Friday, October 1, 2010

When Honesty Isn't Honest

Jack Kerouac, in On the Road, has characters Dean Moriarty and Carlo Marx do an experiment in which they try to tell each other their full and complete thoughts: "We're trying to communicate with absolute honesty and absolute completeness everything on our minds."

The experiment does not work:
They began with an abstract thought, discussed it; reminded each other of another abstract point forgotten in the rush of events..."it started a train of my own, something real wild that I had to tell you, I'd forgotten it, now you've just reminded me of it..." and two new points were born.
Thoughts "going viral," that's how thinking works. One point leads to five or two, filed for later in the conversation, but it just gets worse as we progress. The brain works faster that the mouth!

All of this proves the point that some people are being something other than honest when they insist that they must "honestly" tell others everything in their hearts and minds - even, and especially it seems, if what they say is cruel and hurtful. (These folks are closely related to those who say terrible sexist, racist, mysoginist, homophobic things in the guise of a joke - "What, can't you take a joke?")

As Carlo and Dean readily demonstrate, we simply cannot say everything that passes through the mind; it's not humanly possible. That means that we are being selective in what we choose to say to others; we have no choice but to be selective.

In short, what comes out of the mouth is chosen by the speaker from among all those thoughts and ghosts of thoughts, sensations, memories. Cruel and hurtful speech is not necessary for the full expression of all we think, which we can't do anyway. It is a purposeful way to be cruel and hurtful.

We should call people on this, just as we should call people on those jokes that are not only not funny, but are also usually bigoted.  We should call out people for hiding behind humour and honesty, for they are being neither funny nor honest; in fact quite the opposite.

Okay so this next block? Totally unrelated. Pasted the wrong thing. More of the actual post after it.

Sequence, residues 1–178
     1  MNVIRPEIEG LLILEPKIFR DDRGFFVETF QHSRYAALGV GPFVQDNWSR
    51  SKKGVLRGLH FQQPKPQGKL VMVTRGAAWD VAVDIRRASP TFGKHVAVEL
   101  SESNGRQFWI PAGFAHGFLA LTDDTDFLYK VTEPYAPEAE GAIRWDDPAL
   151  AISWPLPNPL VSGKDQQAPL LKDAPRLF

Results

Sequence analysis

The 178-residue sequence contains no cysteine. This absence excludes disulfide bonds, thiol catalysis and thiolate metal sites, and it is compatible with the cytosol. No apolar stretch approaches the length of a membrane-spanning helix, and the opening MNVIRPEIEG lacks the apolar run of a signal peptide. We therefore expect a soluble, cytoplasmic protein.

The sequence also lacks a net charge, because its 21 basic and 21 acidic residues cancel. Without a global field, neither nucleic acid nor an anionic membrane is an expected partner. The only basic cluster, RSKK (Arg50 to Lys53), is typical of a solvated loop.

So the next time someone pulls this on me, I will say that those more literate would know from reading On the Road, that it's just not possible, and that those more intelligent see the cruel bigot in them - and as I want also to express the fullness of my mind, I just had to say so. And that's no joke.


Trulyfool said...


The Road characters, also, we might think, aren't the most sober and reflective crew.

The honesty Kerouac is suggesting (unless he's poking fun at the characters and meaning something like your point) I always thought he meant to be seen as speech and writing that didn't owe much to the social constraint of the time.

'Cool' or 'wild' meant accepting and uninhibited. Kerouac seems to have thought substance use was an aid to a spiritual freeing-up.

The Beats, if they felt they were speaking with absolute honesty, were less likely to rage or mock against downtrodden people.

The bluntness of ugly words claiming 'honesty' is, as you rightly point out, an excuse to vent in a reactionary way. The jokes are 'soft' versions of that, too.

Hardly anyone does that to me. Maybe they guess I wouldn't go for it.

When someone approaches the point where it's clear they feel they can loosen themselves enough actually to say something at someone's potential expense -- and I do get people who want to do this, students in my classes who feel things are too routinely 'liberal', either on my part or another student's -- I hear their them out, but field their words in such a way as to make them see how the 'honesty' might be taken by particular listeners.